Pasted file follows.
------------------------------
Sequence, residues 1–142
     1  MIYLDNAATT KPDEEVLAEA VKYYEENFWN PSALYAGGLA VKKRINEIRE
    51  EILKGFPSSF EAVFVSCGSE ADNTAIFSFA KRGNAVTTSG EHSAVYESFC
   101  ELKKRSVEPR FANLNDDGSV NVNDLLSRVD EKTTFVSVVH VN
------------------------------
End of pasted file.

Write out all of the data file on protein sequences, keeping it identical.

Sequence, residues 1–142
     1  MIYLDNAATT KPDEEVLAEA VKYYEENFWN PSALYAGGLA VKKRINEIRE
    51  EILKGFPSSF EAVFVSCGSE ADNTAIFSFA KRGNAVTTSG EHSAVYESFC
   101  ELKKRSVEPR FANLNDDGSV NVNDLLSRVD EKTTFVSVVH VN